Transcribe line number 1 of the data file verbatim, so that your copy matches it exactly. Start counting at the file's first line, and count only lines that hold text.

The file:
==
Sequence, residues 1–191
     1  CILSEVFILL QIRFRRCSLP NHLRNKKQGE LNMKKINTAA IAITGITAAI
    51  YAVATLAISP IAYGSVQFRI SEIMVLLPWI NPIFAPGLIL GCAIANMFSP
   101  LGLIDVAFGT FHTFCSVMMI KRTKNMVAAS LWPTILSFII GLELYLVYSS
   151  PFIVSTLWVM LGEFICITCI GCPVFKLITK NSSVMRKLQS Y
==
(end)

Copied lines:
Sequence, residues 1–191